But in 1959, tensions boiled over, as both countries bickered over which flag to compete under for the upcoming Summer Olympics in Rome. Initially, the athletes had competed under the former flag of united Germany, but that year East Germany introduced a flag that included the traditional German flag with the addition of a hammer and compass surrounded by a ring of rye. The flag had deep significance within the communist country—it represented the workers, farmers and intelligentsia. But to West Germany, it was a perversion of their national symbol.
The IOC tried to broker a compromise, making both teams march under the old flag with Olympic rings on it. Though both countries’ Olympic committees approved the plan, West Germany’s government complained about the potential of West German athletes marching under anything but the old flag. They threatened to pull West Germany from the 1960 games altogether.
“Should 53,000,000 Germans let themselves be blackmailed by a regime that is not even a legitimate democracy?” asked a spokesperson for German chancellor Konrad Adenauer’s party at the time.
Finally, the West German government capitulated and marched under the compromise flag suggested by the IOC, but the issue led to ongoing tension. So did the matter of visas: During the 1960 Winter Games in Squaw Valley, California, the United States denied several East German team members visas due to its ongoing lack of diplomatic relations with East Germany—meaning the athletes could not compete. And in 1961, the building of the Berlin Wall made things even worse. West Germany began to refuse visas to East German athletes, and East Germany retaliated. The West German sporting association also started forbidding East Germans from competing in its national competitions and prevented West Germans from going to the GDR to compete. The tense truce between East and West began to disintegrate.
Then, in 1968, the IOC recognized East Germany’s claim for a national committee. This was the beginning of the end for the combined team. Both teams began to compete separately, but still marched together during the opening ceremony under the compromise flag. But in 1972, the Olympics were held in Munich, West Germany—and the GDR competed with its own team and national anthem on what was, by then, enemy ground. East Germany flooded the press with negative reactions to the very idea of the games being hosted in West Germany, including implying that West Germany was still a Nazi state. The country even lobbied to prevent the Olympic torch from going through the USSR and its ally states. It failed—so it focused on performing well at the games instead.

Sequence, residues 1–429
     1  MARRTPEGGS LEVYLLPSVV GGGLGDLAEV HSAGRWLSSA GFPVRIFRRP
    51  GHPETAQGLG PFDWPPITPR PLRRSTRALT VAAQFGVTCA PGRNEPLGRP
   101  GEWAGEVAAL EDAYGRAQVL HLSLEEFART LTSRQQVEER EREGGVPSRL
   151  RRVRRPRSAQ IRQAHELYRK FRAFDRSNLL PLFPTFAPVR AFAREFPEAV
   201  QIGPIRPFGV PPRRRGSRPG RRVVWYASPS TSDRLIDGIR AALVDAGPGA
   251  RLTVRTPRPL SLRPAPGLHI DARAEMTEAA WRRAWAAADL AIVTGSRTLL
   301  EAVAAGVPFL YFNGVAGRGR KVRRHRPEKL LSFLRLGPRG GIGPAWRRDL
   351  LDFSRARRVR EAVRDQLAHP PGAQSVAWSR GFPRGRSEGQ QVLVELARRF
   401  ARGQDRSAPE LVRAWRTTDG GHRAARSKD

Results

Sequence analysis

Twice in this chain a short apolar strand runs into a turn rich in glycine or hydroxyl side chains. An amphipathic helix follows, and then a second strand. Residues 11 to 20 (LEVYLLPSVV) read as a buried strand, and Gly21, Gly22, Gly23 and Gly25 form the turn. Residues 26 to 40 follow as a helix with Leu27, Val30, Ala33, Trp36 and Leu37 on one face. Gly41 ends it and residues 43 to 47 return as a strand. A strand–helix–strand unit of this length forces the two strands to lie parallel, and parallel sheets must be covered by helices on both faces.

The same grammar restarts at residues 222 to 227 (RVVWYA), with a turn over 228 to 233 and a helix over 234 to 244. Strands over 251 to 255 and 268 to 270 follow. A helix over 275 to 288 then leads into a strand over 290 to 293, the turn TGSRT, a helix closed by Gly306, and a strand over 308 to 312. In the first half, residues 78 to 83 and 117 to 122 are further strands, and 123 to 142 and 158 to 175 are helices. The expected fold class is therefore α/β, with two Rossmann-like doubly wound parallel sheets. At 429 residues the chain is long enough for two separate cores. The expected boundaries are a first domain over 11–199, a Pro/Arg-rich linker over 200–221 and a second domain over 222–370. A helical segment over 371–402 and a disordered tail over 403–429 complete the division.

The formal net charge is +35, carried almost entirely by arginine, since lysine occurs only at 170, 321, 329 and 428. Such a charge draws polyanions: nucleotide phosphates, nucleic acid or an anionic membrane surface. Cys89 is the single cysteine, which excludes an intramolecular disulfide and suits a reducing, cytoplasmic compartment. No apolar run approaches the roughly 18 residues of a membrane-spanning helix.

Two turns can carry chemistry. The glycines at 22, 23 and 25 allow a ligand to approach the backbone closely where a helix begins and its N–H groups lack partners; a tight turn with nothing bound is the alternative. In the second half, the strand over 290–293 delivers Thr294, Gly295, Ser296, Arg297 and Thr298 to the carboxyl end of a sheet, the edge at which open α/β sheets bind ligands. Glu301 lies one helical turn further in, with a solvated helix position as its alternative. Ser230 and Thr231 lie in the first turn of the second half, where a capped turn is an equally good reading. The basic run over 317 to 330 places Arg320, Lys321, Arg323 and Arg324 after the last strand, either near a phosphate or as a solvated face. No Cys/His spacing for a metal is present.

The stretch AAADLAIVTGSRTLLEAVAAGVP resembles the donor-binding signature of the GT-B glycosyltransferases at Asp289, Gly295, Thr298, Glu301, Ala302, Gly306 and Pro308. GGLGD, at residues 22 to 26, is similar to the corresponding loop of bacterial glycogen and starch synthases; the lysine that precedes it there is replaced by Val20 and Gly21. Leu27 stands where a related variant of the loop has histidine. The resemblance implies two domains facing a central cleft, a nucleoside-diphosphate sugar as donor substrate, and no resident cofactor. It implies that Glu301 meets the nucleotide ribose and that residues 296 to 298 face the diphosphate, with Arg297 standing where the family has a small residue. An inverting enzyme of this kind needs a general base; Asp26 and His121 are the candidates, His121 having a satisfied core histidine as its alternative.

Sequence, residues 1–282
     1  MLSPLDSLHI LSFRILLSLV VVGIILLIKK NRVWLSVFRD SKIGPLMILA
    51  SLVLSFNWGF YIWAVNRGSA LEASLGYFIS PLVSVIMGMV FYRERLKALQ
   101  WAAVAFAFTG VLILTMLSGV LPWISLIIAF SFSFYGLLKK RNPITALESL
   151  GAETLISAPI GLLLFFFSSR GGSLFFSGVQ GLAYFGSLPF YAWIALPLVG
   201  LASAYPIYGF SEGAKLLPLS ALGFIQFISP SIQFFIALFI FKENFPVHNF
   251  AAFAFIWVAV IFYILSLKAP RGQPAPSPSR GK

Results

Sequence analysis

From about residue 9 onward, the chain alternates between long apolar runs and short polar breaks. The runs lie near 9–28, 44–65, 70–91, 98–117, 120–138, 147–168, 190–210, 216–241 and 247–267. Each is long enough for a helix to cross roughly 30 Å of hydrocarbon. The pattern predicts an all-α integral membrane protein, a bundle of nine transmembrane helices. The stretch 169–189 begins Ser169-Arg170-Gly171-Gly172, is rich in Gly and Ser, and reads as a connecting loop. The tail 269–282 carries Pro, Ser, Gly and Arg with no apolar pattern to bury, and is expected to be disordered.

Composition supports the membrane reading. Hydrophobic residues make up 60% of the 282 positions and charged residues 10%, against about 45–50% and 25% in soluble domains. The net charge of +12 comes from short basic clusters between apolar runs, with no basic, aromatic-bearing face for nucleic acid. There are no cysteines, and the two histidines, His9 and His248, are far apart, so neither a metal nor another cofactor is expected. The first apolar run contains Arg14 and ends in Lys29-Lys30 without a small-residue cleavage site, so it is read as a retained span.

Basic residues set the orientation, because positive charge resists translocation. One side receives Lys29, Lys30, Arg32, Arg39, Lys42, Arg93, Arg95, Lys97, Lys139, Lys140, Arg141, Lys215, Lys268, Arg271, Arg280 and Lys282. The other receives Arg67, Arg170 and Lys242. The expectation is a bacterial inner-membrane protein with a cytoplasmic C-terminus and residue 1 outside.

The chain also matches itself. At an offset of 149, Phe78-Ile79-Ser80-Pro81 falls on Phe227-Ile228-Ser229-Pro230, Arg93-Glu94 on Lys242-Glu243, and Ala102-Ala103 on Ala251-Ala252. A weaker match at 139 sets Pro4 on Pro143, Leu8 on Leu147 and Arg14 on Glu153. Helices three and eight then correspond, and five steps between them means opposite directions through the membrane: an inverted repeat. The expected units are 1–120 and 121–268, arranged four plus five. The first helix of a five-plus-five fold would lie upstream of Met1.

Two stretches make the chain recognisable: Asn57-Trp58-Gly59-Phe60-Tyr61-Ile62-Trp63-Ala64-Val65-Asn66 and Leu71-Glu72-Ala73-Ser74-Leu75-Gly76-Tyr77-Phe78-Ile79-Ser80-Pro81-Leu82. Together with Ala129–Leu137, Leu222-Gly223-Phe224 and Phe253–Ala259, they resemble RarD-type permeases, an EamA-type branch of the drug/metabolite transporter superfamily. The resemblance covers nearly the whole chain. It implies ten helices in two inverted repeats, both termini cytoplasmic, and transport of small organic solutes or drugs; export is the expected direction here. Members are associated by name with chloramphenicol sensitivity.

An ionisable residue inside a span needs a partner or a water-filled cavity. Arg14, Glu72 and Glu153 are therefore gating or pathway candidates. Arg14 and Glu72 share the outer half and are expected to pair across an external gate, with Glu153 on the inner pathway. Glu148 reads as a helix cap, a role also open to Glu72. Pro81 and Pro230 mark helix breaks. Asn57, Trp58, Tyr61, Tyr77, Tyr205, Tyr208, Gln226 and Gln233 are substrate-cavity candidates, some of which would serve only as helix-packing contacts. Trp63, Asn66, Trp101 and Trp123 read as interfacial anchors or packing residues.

Ultimately, East Germany edged out West Germany with 66 medals (West Germany won 40). However, the games are largely remembered not for tension between the two states, but for the massacre in which Palestinian terrorists killed 11 Israeli team members.
The separation of the teams had deep significance for both countries. “Perhaps more than any other sector of public life, Olympic sport confronted its functionaries with the unadulterated fact of German division,” wrote historians Kay Schiller and Christopher Young in their book, The 1972 Munich Olympics and the Making of Modern Germany.
From then on, the countries were irrevocably separate on the Olympic field, and political boycotts further separated the two teams at the Olympics in the years that followed. Another separation came in terms of training: Desperate for recognition and medals, East Germany began a state-sponsored doping program in the 1970s that earned its team success, but affected the bodies and lives of young competitors who were recruited by the state to bring East Germany to victory. Though the program was suspected for years, it was only uncovered in 1993, three years after East Germany ceased to be a state.
Only after the Berlin Wall fell in 1989 did Germany reunify at the Olympics. Since 1990, the team has been one again after 45 years of tension and separation. Though the North and South Korean teams are not entirely unified—only 10 North Korean athletes will compete in 2018, compared with 122 from South Korea, and the only event in which they will compete as one team is women’s ice hockey—marching under the same flag is a reminder of the inspirational, and symbolic, power of athletics and the Olympic Games.